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‘Water, water, everywhere…’ at Canada Blooms

March 16, 2017  By Dave Harrison

March 16, 2017, Toronto – Taking a stroll through the feature gardens in Canada Blooms this year, the presence of water is unmistakable.

A deep pool with streams of water pouring in from on high; a rustic pond with a rocky bottom and natural shore; a waterfall cascading water over polished rocks; a gurgling fountain trickling water into a basin.

“Just like fashion and food, there are trends in gardening that will influence the design and look of your yard and garden,” says Denis Flanagan, a gardening expert with Landscape Ontario. “Some trends come and go, but many in gardening and landscaping have significant staying power.”


Most of the feature gardens at Canada Blooms are centred on some sort of water feature. The popular Secret Path garden is built around a pond. The Year Round Fun, True North Strong and Free, Trip to the Future and Garden of Celebration gardens feature swimming pools with fountains pouring into them. A decorative downspout can be seen in Big Yellow Taxi. A boulder with a small gurgle of water bubbling out of it adds to the serenity of the Tranquility garden.


But water is just the start of what is in vogue in gardens in Canada this year. Among the trends that can be seen at Canada Blooms this year are:

Red and White: It is Canada’s 150th birthday, and red and white flowers are all the rage this year. While all reds and whites will be popular, keep an eye out for the Canadian ShieldTM Rose, Canada Blooms’ 2017 Plant of the Year. It is truly a made in Canada rose, developed at the Vineland Research and Innovation Centre to survive and thrive in Canada’s diverse weather conditions.

Food gardening: More people are opting to bypass the produce aisle at the grocery store for the patch of garden in their backyard. Tomatoes are always a popular backyard garden item, but don’t overlook things like cucumbers, radishes, peppers, lettuce, kale, chard, carrots, peas … you can feed your family all summer from the bounty in your backyard.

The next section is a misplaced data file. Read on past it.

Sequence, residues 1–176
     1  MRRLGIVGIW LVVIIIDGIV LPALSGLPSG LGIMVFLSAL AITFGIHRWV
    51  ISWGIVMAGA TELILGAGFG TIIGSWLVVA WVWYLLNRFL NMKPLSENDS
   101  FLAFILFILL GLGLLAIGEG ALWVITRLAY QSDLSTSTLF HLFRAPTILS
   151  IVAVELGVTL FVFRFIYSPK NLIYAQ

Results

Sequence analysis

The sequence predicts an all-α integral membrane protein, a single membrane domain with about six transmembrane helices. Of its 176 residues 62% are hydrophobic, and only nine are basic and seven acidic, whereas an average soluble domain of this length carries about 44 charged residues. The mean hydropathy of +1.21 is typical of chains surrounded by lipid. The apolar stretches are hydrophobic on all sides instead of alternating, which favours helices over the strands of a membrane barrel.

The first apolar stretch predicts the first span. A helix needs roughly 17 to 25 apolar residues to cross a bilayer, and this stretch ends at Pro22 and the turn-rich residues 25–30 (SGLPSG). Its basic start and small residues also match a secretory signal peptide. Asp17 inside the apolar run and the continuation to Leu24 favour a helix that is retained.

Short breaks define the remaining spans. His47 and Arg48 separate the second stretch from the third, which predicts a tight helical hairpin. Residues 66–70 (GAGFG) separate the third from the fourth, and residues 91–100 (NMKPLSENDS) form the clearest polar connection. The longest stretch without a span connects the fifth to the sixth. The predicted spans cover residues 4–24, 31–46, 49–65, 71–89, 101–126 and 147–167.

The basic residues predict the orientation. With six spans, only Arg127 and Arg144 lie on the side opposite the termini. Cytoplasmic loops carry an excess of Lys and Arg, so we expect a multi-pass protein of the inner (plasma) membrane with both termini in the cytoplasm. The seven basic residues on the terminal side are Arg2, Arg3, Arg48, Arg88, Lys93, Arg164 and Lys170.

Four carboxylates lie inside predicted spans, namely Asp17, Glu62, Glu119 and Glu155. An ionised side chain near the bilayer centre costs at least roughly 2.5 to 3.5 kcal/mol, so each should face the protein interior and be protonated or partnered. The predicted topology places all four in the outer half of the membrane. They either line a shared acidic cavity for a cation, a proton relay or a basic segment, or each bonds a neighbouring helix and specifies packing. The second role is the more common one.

Smaller trees: Not to discount the beauty and ecological and environmental importance of the big trees, small- to medium-sized interesting trees are in demand at garden shops. For example, the Laburnum can grow to height of about 23 feet, but its golden blooms in spring have made it popular addition to gardens. Crabapple trees also provide beautiful pink blooms.

Garden travel: Not all trends are restricted to what your put in your yard. Travelling across the country, or around the world, is becoming increasingly popular with garden enthusiasts. Garden travel gives you a chance to see unique plants and flowers not native to Canada, and experience different design ideas.

Garden Shed Plus: No longer just a place to store your garden tools and half-used bags of fertilizer, it is incredibly trend to make your garden shed an extension of your house. Turn it into an office space, or add a comfy couch, television and mini fridge for a place to escape.

Co-located with the National Home Show, Canada Blooms is continuing through to March 19 at the Enercare Centre at Exhibition Place in Toronto.

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